“While private buyers are without doubt sensitive to things like changes in Vehicle Excise Duty, this in itself doesn't explain the massive fall in new car registrations.
“I suspect a growing tide of adverse press around Personal Contract Purchase (PCP), culminating in the announcement that the FCA is to investigate potential mis-selling of vehicle finance, may also have been a contributing factor.
“While much of the adverse press is mis-placed, and PCPs remain a viable option for many car owners, the resulting uncertainty has doubtless influenced the nosedive in new car registrations."
Julian Rance, Paragon Car Finance director, said: “While there has been a drop in the latest year on year sales figures, it should be remembered that much of this can be accounted for by car sales being inflated in March by consumers looking to beat the Vehicle Excise Duty deadline.
"Furthermore, April was a short month, and, with the Easter holidays, only had 18 working days.
"That said, we have been saying for some time that the market was due a correction. There are only so many cars you can sell on an island nation, and growth cannot be sustained indefinitely. In coming months we are likely to see higher growth coming from mainland Europe, and manufacturers are more likely to concentrate promotional efforts in these growing markets.
“Political uncertainties are also likely to weigh on the market in May and June with Brexit negotiations beginning in earnest and a snap general election around the corner. This could go either way however and the market will be watching developments closely, if reports of an impending government scrappage scheme for older diesel models are true, this could be a boon for new car sales in 2017, as similar schemes have been in the past."
Simon Benson, director of motoring services at used car website AA Cars, said: “With consumers turning away from the new vehicle market across the country, the knock-on effect of this slowdown could prove to be an enormous opportunity for used car dealers.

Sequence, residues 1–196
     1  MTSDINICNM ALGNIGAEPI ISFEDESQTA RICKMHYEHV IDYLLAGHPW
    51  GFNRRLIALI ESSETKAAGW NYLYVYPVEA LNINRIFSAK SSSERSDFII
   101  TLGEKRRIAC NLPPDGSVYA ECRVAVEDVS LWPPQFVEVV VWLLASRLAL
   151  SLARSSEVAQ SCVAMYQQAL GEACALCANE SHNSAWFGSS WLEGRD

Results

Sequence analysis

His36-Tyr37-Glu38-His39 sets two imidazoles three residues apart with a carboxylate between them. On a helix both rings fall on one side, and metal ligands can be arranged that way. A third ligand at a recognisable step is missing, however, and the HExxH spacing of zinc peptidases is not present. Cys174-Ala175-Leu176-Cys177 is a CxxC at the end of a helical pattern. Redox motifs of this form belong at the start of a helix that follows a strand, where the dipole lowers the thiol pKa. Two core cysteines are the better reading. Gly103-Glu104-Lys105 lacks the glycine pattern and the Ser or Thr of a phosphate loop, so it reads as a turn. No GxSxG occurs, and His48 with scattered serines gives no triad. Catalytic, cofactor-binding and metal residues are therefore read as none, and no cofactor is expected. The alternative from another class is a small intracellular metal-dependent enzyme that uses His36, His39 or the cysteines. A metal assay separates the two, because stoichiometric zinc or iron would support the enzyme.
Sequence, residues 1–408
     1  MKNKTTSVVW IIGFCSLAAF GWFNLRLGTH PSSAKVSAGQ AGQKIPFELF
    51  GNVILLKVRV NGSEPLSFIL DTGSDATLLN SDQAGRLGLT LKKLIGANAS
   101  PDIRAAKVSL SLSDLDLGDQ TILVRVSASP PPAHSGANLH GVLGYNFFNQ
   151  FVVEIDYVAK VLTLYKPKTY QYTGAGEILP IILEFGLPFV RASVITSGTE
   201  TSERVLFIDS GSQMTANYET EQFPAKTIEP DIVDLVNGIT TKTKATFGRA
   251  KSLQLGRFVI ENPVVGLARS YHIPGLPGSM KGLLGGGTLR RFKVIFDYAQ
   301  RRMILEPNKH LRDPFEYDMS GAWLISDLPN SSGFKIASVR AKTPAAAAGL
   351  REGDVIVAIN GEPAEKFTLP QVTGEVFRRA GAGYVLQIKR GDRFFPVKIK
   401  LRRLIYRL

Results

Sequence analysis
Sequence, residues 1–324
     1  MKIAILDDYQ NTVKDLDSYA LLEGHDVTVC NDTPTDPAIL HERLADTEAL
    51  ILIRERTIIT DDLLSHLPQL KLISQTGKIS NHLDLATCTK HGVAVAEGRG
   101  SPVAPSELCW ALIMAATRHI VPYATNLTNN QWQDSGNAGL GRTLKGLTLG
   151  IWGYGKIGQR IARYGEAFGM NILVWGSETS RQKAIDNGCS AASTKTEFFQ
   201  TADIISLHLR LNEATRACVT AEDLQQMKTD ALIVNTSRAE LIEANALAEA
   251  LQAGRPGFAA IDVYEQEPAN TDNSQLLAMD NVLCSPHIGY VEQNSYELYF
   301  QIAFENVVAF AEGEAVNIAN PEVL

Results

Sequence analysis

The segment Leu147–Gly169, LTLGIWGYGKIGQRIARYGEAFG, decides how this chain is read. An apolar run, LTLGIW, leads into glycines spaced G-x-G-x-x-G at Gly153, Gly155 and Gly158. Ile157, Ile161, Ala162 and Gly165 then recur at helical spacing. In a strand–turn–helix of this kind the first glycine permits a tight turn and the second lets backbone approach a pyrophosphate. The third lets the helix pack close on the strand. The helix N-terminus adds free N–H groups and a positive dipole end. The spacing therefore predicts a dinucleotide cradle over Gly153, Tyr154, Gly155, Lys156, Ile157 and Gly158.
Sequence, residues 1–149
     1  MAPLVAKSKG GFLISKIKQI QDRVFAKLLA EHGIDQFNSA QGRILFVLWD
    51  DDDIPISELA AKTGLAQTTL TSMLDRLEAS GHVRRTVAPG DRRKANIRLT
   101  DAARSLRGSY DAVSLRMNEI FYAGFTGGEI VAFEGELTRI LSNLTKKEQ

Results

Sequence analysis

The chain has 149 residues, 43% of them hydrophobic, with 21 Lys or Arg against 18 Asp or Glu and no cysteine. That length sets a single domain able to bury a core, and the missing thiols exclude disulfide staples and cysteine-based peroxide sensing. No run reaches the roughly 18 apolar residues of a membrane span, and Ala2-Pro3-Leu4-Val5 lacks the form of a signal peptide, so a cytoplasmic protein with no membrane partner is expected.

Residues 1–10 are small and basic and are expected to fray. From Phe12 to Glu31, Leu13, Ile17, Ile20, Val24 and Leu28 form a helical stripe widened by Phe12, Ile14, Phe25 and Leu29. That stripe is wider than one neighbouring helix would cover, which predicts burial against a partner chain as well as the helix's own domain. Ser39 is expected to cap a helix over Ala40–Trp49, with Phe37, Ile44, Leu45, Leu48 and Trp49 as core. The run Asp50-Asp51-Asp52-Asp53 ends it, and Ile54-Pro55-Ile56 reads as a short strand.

"The cost of living is rising, while consumer confidence and spending are starting to contract. That bodes well for the second-hand car market."
“April’s figures likely mark the beginning of a cooling in the market through the rest of 2017 broadly in line with the 5-10% reduction in the market that we have been anticipating.”
Richard Jones, Black Horse managing director, one of the UK’s leading motor finance providers, said: “As expected, we are starting to see a cooling of the market following the highs of recent months, not least after the record figures in March which were artificially inflated due to the changes in vehicle excise duty that followed.
"Demand for new cars was clearly pulled forward to new plate month in anticipation of these tax changes.
"The rest of the year is more uncertain - we still expect a small reduction in market size overall in 2017 with significant differences at manufacturer brand level.
"We also expect to see the diesel / petrol sales mix to continue to change - customers may be confused by news stories related to diesel and so the Government, media and trade bodies need to work together to put customers in a better informed position.”